Problem: Turbine Blade Scaling

Problem 6.19:

Determination of heat transfer rate for prescribed turbine blade operating conditions from wind tunnel data obtained for a geometrically similar but smaller blade. The blade surface area may be assumed to be directly proportional to its characteristic length( A L

s

)

.

proportional to its characteristic length ( A ∝ L s ) . ASSUMPTIONS: (1) Steady-state conditions,

ASSUMPTIONS: (1) Steady-state conditions, (2) Constant properties, (3) Surface area A is directly proportional to characteristic length L, (4) Negligible radiation, (5) Blade shapes are geometrically similar.

ANALYSIS: For a prescribed geometry,

=geometrically similar. ANALYSIS: For a prescribed geometry, k f ( Re L ,Pr ) . Problem:

k

f

(

Re

L

,Pr

)

.

Problem: Turbine Blade Scaling (cont.)

The Reynolds numbers for the blades are

Re

L,1

()

==V L /ν

1

1

1

15m

2

numbers for the blades are Re L,1 () == V L / ν 1 1 1

/ s ν

1

Hence, with constant properties (

Therefore,

v

1

= v

2

) ,

Nu = Nu 2 1 ( h L /k ) = ( h L /k
Nu
= Nu
2
1
(
h
L
/k
)
=
(
h L
/k
)
2
2
2
11
1
LL
q
11
1
h
=
h
=
2
1
L
L
AT
(
)
2
2
1
s,1
T ∞

Re

L,2

Re

L,1

2 /νν= 15m ) / s . 2 2 2 . Also, Pr = Pr
2
/νν= 15m
)
/ s
.
2
2
2
.
Also, Pr
= Pr
.
1
2

=

(

V

2

L

= Re

L,2

The heat rate for the second blade is then

q

2

=

hA

2

2

(

T

s,2

q 2

q

=

T s,2

T s,1

T

T

2 = 2066 W.

)

(

 

L 1 A

2

 

(

T

s,2

T

)

L

400

2

A

1

35

)

(

(

T

s,1

1500 W

T

)

)

(

300

35

)

−= T

q

1

=

q

1

COMMENTS: (i) The variation in ν from Case 1 to Case 2 would cause Re L,2 to differ from Re L,1 . However, for air and the prescribed temperatures, this non-constant property effect is

small. (ii) If the Reynolds numbers were not equal

(

Re

L

,1

Re

L

2

)

,

knowledge of the specific form of

f

(

Re

L

Pr

,

)

would be needed to determine h 2.

Problem: Nusselt Number

Problem 6.26:

Use of a local Nusselt number correlation to estimate the surface temperature of a chip on a circuit board.

the surface temperature of a chip on a circuit board. KNOWN: Expression for the local heat

KNOWN: Expression for the local heat transfer coefficient of air at prescribed velocity and temperature flowing over electronic elements on a circuit board and heat dissipation rate for a 4 × 4 mm chip located 120mm from the leading edge.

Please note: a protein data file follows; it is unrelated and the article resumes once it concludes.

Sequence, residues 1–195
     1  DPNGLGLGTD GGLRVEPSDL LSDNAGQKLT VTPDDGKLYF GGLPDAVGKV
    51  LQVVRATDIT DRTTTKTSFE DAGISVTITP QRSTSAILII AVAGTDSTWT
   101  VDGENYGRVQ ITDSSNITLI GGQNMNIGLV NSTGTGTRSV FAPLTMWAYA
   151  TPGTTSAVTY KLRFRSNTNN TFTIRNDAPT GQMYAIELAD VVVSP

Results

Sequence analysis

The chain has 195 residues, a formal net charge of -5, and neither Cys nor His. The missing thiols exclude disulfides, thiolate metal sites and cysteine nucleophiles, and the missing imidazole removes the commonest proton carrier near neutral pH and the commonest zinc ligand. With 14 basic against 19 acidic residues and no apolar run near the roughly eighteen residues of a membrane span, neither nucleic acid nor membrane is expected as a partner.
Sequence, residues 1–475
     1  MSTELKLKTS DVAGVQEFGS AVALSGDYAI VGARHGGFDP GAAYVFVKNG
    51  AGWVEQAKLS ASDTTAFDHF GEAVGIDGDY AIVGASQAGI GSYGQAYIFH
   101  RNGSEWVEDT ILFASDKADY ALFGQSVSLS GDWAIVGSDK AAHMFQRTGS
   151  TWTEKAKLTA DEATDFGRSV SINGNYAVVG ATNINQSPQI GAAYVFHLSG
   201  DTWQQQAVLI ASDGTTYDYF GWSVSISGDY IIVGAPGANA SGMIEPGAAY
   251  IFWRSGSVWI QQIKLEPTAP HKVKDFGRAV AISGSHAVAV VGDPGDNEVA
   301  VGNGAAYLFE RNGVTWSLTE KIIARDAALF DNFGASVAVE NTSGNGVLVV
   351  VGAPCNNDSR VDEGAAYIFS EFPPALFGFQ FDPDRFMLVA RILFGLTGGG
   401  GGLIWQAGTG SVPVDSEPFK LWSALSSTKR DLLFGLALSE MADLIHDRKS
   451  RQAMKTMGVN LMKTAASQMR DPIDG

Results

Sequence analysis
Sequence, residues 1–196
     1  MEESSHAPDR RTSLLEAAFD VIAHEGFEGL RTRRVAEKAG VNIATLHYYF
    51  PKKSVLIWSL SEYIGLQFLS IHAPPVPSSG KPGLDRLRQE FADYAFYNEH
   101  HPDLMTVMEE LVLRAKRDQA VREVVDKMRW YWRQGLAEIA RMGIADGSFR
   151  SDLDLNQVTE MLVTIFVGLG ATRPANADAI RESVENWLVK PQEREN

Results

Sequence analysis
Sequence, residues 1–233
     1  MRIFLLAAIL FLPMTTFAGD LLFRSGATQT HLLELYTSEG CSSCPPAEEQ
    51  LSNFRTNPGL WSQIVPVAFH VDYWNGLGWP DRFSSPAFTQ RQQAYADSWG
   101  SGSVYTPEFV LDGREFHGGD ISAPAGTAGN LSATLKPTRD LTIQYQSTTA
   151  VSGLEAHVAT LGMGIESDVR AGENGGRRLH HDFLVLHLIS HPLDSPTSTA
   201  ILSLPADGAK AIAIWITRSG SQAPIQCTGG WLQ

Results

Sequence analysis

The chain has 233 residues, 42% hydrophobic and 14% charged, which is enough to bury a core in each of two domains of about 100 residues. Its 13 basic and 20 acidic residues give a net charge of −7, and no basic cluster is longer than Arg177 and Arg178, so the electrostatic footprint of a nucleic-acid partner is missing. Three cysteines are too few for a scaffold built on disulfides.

FIND: Surface temperature of the chip surface, T s .

FIND: Surface temperature of the chip surface, T s . Problem: Nusselt Number (cont.) ASSUMPTIONS: (1)

Problem: Nusselt Number (cont.)

ASSUMPTIONS: (1) Steady-state conditions, (2) Power dissipated within chip is lost by convection across the upper surface only, (3) Chip surface is isothermal, (4) The average heat transfer coefficient for the chip surface is equivalent to the local value at x = L, (5) Negligible radiation.

PROPERTIES: Table A-4, Air (Evaluate properties at the average temperature of air in the boundary layer. Assuming T s = 45°C, T ave = (45 + 25)/2 = 35°C = 308K. Also, p = 1atm): ν = 16.69 ×

10 -6 m 2 /s, k = 26.9 × 10 -3 W/mK, Pr = 0.703.

ANALYSIS: From an energy balance on the chip,

q

conv

= E

g

= 30mW.

Newton’s law of cooling for the upper chip surface can be written as

chip

where

T

s

=

A chip
A chip

A chip

T

=

+

2

.

q

/ h A

conv

(2)

Assuming that the average heat transfer coefficient ()

coefficient evaluated at x = L, that is,

applying the prescribed correlation at x = L.

h

over the chip surface is equivalent to the local

)

, the local coefficient can be evaluated by

h

chip

(

hL

x

Nu

x

=

h

x

x

k

=

0.04

⎣ ⎢

Vx

ν

⎦ ⎥

0.85

Pr

1/3

h

L

=

0.04

k

⎢ ⎣

VL

L

ν

⎥ ⎦

0.85

Pr

1/3

Problem: Nusselt Number (cont.)

h

L

=

0.04

 

0.0269 W/m K

10 m/s

×

0.120 m

⎡ ⎢ ⎣

0.120 m

16.69

×

10

-6

m

2

/ s

0.85

(

0.703

)

1/3

107 W/m

=⋅

2

K.

From Eq. (2), the surface temperature of the chip is

T

s

= 25 C + 30×10

-3

W/107 W/m

2

⋅×K

(

0.004m

)

2

= 42.5 C.

COMMENTS: (1) The estimated value of T ave used to evaluate the air properties is reasonable.

(2) How else could

h

chip

have been evaluated? Is the assumption of

h = h

L

reasonable?